Traders works on the floor of the New York Stock Exchange.

In his 1957 book, The Economics of Discrimination, the late Nobel Prize-winning economist Gary Becker argued that well-functioning markets work inexorably to eliminate racial, and other forms of, discrimination.

By Becker’s reasoning, if an employer, for example, had an ingrained prejudice against workers from a particular group, then that employer would be at a competitive disadvantage relative to employers who did not have the same prejudice. If, say, an employer believes—incorrectly—that workers from one group are inherently less productive, then he or she will offer members of that group lower wages. Meanwhile, his or her competitors who do not hold the same prejudice will offer members of the same group higher wages that are commensurate with their actual level of productivity.

Oversimplifying somewhat, Becker argued that in the long run, nondiscriminating employers will attract more productive workers and will grow, while those employers who discriminate will see their businesses wither and eventually die. This kind of theoretical argument has led many economists over the years to doubt the existence and especially the persistence of labor-market discrimination based on race, gender, religion, and other characteristics. A new paper by Mark Egan of the University of Minnesota, Gregor Matvos of the University of Chicago, and Amit Seru of Stanford University, however, joins a large body of more empirically oriented research that strongly suggests that discrimination remains an important feature of contemporary labor markets.

Egan, Matvos, and Seru have constructed a unique dataset containing information on all of the 1.2 million registered financial advisors operating in the United States between 2005 and 2015. Their data include information on each advisor’s gender, employment history, assets under management, professional licenses held, and industry exams passed, as well as records of any formally reported customer disputes and related disciplinary actions. Misconduct, as measured by the authors of the paper, included churning accounts, breaches of fiduciary duty, fraud, negligence, risky investments, and other forms of financial wrongdoing. Each year, about 0.7 percent of male advisors and about 0.3 percent of female advisors were involved in these forms of misconduct.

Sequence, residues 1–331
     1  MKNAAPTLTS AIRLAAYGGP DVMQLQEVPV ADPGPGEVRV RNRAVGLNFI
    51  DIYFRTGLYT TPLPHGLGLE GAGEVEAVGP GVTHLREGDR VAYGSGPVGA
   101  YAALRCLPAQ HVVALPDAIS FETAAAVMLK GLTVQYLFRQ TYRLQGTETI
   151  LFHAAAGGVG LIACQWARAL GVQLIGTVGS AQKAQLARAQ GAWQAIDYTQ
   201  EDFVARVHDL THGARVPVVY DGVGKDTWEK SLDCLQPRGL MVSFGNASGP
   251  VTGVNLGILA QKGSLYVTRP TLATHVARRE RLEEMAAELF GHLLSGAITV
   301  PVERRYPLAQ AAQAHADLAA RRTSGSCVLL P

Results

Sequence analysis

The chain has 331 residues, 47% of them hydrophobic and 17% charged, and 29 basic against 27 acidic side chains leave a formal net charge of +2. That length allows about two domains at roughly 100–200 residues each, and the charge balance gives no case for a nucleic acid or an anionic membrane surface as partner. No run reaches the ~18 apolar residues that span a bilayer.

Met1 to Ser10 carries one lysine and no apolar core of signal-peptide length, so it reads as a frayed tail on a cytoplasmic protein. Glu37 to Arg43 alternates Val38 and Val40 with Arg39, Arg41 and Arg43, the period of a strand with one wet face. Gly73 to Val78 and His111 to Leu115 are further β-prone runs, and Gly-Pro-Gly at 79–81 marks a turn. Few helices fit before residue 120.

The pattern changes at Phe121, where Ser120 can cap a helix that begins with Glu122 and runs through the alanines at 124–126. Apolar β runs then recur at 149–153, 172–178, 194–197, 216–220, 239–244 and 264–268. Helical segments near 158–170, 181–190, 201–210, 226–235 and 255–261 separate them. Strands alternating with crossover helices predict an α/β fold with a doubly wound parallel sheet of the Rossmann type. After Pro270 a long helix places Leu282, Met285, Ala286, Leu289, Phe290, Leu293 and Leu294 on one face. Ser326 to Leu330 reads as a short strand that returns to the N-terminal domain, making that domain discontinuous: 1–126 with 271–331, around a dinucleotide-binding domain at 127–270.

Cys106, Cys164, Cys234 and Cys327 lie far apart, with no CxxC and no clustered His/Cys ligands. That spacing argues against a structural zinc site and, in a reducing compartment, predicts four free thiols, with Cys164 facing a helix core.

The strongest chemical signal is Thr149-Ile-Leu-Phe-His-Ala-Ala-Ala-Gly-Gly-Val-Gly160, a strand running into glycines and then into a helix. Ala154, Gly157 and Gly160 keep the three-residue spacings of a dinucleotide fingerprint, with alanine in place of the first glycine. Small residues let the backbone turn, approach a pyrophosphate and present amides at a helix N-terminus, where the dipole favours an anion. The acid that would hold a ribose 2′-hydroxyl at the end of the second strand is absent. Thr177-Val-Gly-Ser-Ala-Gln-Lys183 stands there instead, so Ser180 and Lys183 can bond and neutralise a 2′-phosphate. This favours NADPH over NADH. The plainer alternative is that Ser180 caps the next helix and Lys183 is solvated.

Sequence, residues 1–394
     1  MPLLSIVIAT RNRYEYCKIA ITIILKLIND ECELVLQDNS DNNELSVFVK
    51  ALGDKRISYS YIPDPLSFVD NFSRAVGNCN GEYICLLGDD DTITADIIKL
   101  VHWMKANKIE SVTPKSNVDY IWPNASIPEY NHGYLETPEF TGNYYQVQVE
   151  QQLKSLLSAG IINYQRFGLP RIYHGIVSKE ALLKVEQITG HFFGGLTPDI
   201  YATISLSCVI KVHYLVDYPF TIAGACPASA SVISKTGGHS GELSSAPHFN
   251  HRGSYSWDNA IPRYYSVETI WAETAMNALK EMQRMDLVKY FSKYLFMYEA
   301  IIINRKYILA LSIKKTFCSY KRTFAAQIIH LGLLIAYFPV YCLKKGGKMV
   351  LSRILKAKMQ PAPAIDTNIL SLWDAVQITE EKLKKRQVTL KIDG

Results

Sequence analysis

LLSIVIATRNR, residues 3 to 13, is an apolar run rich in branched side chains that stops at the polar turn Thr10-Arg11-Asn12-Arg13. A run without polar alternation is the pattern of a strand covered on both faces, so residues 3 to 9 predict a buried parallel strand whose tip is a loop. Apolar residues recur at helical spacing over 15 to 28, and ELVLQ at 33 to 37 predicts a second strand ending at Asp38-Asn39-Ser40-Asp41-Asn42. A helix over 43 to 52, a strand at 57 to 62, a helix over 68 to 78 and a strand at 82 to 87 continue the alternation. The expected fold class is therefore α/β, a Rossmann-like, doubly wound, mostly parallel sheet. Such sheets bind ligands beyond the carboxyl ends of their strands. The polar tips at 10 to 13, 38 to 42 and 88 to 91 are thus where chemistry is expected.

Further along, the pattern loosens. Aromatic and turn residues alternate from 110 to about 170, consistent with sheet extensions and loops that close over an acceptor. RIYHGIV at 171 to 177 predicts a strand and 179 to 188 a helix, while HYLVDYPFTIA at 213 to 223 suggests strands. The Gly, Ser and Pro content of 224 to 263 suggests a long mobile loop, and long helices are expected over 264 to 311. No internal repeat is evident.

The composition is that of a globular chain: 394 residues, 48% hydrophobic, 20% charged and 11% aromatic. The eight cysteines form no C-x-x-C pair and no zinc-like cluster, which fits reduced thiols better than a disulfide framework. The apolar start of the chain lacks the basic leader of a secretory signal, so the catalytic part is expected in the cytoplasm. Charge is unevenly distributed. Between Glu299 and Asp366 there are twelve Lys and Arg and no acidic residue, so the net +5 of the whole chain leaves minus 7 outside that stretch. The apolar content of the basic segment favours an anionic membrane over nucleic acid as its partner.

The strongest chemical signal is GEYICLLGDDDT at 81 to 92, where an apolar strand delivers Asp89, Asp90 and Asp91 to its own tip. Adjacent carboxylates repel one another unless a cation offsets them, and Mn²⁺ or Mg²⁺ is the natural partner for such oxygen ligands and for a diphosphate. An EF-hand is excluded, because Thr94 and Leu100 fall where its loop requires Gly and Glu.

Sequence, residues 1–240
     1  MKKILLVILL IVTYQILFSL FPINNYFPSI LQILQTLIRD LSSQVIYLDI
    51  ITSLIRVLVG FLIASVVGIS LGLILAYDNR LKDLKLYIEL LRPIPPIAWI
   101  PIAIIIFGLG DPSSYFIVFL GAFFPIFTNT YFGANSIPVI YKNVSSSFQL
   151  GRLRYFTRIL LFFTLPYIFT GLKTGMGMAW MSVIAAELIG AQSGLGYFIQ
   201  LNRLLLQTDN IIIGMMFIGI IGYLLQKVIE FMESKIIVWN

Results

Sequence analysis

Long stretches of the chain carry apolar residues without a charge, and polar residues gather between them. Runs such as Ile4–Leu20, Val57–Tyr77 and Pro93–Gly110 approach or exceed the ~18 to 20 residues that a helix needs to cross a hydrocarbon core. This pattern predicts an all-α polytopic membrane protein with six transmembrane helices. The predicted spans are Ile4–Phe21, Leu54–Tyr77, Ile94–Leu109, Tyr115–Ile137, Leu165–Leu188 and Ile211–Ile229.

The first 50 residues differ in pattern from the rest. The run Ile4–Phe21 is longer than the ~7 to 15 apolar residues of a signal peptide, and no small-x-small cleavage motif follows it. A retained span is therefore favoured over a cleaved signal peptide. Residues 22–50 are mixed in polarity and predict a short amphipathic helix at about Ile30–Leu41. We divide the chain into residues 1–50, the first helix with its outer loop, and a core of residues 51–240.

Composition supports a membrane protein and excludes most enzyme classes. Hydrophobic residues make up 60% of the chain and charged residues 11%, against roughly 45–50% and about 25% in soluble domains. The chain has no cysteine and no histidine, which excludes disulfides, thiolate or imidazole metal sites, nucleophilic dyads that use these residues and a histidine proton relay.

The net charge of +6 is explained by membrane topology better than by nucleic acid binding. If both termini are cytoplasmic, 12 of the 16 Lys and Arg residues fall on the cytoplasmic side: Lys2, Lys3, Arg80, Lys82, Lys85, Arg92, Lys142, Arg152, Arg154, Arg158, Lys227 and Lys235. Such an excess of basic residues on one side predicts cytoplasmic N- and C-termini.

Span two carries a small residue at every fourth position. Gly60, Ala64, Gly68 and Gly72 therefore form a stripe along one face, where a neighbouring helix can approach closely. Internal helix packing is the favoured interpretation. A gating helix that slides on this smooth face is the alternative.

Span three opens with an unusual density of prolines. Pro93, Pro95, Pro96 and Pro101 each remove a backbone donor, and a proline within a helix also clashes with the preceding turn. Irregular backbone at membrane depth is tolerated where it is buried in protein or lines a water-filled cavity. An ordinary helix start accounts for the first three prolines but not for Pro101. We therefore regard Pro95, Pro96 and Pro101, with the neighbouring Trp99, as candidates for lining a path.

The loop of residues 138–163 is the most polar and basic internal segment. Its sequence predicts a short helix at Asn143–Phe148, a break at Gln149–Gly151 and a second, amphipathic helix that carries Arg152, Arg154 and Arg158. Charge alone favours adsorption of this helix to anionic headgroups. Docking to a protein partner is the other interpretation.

The three researchers use the new dataset to ask whether firms treat male and female financial advisors differently after they have been accused of misconduct. The data point solidly in the direction of employer discrimination against female financial advisors. Relative to male advisors, female advisors were less likely to engage in any kind of reported financial misconduct, were less likely to be repeat offenders, and when women did engage in misconduct, the infractions were less costly to the firms where they worked.

Yet women who engaged in misconduct were, on average, subject to much harsher punishments. After engaging in misconduct, female advisors were 20 percent more likely than male advisors to lose their jobs and were 30 percent less likely to be hired subsequently by another financial firm. Women who did manage to land a new job as a financial adviser took significantly longer than their male counterparts to find their new job.

Egan, Matvos, and Seru painstakingly eliminate a host of alternative explanations for these results. Maybe the female advisors were less productive than their male counterparts? The results hold even after controlling for three reasonable proxies for advisors’ productivity: assets brought to the firm, value of assets under management, and an independent, proprietary quality assessment available for a large subset of their sample. Maybe the women have less experience or more career interruptions? Again, the results hold even after controlling for on-the-job experience. Maybe the female advisors have fewer formal qualifications or certifications? No, not the case.

Their analysis leads the researchers to conclude that there are “large and pervasive differences in the treatment of male and female advisers” and the “financial advisory industry is willing to give male advisers a second chance, while female advisers are likely to be cast from the industry.”